As a cultural policy scholar, the question of cultural value has always fascinated me, as it goes to the very core of how public policies for the arts and culture work. The reason for the centrality of the cultural value question to cultural, and more specifically arts policies (which is the area on which my own work focuses) has been explained very succinctly, but also compellingly, by Richard Hoggart in The Way We Live Now. Here Hoggart says that the problem is, quite simply, that “there will never be enough money”. As a result, “Choices will always have to be made, judgments-between”. These choices and ‘judgments-between’ are clearly both driven by, and the reflection of, a society’ predominant cultural values.

Whilst judgments of value are the bread and butter of cultural policies, the label ‘cultural value’ has captured the imagination of researchers, arts sector professionals and even creative producers in a way that is revealing. Part of the fascination with cultural value lies, I would argue, in the hope that it might get cultural policy debates ‘unstuck’ from the focus on the ‘instrumental value’ of the arts and, especially post-austerity, their ‘economic value’ as central to justifications for public ‘investment’ on the arts and culture. As a consequence, the cultural value debate in the arts seems to have focused predominantly on a celebration of the value and importance of the arts. This has resulted in a advocacy driven effort to evaluate, measure, capture and demonstrate such value in the hope that it might convince policy makers, and even the Treasury, that the arts are worth spending public resources on even in times of austerity measures and wide ranging cuts in public expenditure.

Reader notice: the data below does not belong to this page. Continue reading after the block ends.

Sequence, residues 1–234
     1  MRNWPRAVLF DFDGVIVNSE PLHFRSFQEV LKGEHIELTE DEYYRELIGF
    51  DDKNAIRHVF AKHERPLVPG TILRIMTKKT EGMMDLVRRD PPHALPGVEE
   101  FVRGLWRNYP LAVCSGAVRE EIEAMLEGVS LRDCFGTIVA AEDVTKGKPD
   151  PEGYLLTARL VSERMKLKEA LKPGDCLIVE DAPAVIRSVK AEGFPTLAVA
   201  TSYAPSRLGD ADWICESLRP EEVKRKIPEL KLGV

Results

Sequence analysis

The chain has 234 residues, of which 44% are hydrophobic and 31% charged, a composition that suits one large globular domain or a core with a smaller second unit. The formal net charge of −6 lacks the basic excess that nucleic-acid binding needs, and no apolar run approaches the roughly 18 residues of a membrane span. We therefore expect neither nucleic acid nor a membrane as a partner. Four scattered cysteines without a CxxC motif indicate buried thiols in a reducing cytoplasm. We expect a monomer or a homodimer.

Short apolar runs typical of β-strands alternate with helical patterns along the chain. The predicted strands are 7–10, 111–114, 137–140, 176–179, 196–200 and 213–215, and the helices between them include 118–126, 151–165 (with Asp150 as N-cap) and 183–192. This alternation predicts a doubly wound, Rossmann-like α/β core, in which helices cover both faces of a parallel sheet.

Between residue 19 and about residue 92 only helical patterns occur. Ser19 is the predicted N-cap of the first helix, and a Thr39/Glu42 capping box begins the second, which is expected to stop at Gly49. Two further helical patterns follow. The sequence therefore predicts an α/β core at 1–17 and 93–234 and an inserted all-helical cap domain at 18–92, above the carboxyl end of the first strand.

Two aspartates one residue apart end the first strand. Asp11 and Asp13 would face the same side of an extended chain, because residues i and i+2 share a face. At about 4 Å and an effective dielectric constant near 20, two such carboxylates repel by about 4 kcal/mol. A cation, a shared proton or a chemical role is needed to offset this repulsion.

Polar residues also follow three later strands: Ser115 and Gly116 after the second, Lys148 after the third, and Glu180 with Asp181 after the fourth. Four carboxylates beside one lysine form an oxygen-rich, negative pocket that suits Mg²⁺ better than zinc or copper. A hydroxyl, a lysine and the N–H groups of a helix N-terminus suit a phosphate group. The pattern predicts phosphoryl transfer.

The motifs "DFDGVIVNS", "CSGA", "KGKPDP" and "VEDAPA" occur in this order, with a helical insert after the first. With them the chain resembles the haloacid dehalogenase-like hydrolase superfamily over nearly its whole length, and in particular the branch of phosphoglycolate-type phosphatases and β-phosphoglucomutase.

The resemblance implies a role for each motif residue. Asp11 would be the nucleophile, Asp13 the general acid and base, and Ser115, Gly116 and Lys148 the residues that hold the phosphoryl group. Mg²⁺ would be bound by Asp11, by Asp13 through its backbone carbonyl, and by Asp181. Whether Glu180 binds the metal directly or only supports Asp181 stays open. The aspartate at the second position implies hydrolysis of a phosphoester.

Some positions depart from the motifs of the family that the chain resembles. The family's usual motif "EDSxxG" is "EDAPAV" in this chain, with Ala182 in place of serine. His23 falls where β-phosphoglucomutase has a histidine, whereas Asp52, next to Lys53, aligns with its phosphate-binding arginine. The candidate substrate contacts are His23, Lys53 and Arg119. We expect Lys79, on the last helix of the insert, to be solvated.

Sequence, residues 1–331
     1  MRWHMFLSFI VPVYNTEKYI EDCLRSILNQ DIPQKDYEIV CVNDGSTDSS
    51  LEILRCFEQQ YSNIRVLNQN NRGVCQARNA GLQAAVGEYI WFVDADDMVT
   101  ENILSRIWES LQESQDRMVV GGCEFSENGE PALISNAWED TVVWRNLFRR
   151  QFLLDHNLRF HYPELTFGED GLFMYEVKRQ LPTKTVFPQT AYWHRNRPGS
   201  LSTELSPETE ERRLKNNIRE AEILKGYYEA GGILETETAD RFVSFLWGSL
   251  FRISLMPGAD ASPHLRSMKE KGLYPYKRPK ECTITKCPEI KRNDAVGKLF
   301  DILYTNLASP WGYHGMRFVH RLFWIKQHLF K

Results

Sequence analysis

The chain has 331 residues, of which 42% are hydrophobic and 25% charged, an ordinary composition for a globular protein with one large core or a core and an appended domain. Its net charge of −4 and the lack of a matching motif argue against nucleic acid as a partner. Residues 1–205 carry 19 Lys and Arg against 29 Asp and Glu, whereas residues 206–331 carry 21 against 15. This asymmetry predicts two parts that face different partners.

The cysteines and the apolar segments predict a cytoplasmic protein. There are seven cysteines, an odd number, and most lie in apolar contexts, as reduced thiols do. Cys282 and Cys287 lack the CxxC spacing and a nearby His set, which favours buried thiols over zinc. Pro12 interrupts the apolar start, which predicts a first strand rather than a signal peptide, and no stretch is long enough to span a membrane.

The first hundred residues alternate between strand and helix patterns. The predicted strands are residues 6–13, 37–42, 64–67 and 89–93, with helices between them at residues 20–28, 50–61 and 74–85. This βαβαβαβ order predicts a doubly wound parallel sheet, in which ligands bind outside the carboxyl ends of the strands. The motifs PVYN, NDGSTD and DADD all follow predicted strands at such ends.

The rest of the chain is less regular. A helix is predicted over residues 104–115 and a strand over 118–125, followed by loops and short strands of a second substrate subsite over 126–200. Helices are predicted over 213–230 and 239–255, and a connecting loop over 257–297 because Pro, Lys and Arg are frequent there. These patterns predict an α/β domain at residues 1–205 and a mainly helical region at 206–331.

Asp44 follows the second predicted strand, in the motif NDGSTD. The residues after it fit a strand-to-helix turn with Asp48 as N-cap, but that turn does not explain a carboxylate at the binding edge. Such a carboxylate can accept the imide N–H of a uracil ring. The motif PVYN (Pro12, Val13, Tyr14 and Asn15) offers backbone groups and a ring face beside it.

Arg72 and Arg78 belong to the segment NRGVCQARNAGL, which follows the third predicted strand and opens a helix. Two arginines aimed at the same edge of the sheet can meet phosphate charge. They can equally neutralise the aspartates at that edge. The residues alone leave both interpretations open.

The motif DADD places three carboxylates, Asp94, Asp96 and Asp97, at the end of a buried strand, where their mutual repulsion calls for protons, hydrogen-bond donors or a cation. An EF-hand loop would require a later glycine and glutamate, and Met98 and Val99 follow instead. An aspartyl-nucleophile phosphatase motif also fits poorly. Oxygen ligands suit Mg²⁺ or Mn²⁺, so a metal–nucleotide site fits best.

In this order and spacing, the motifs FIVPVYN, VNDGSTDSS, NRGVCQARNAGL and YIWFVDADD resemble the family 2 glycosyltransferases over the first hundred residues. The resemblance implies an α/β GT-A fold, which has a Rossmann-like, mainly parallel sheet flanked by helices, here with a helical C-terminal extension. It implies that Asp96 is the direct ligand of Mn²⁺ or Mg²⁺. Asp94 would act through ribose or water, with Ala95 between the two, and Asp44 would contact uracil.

Driving my project is the intention to problematize this approach to cultural value and to question this prevailing understanding by bringing into focus the degree to which cultural value is in fact something that is continually defined and redefined, contested and fought over: it has a clear relational nature and it involves power struggles and vested interests. As Janet Wolff (1981) puts it,  “Understanding art as socially produced necessarily involves illuminating some of the ways in which various forms, genres, styles, etc. come to have value ascribed to them by certain groups in particular contexts”.

The allocation of cultural value therefore is an inherently political process and one in which power relations play an important role. There are winners and losers in struggles over value, as shown by the recent debates over the significant unbalances in per capita cultural spending between citizens living in London and those in the rest of England, which have been estimated as being £69 and £4.60 respectively. Similarly, the conclusion reached by both academic research and the analysis of Taking Part data that a degree and a professional occupation are the most accurate predictors of engagement with publicly funding cultural experiences, also poses serious questions of social justice and fairness in relation to how the arts funding system operates in England and how it might be see to effectively compound social inequalities. This is, of course, highly problematic, considering that widening access and participation are central to the rhetoric of arts funding, and opens up questions of fairness that the cultural value debate must engage with.

The central aim of the project then, is to explore how concerns with fairness and social justice might be brought into public discussions on the value of the arts and culture and cultural policy research. To this end, the project is exploring whether the concept of cultural value might be harnessed as part of an emancipatory intellectual, cultural and political project aimed at achieving greater social justice, and what role of cultural policies might play in facilitating this.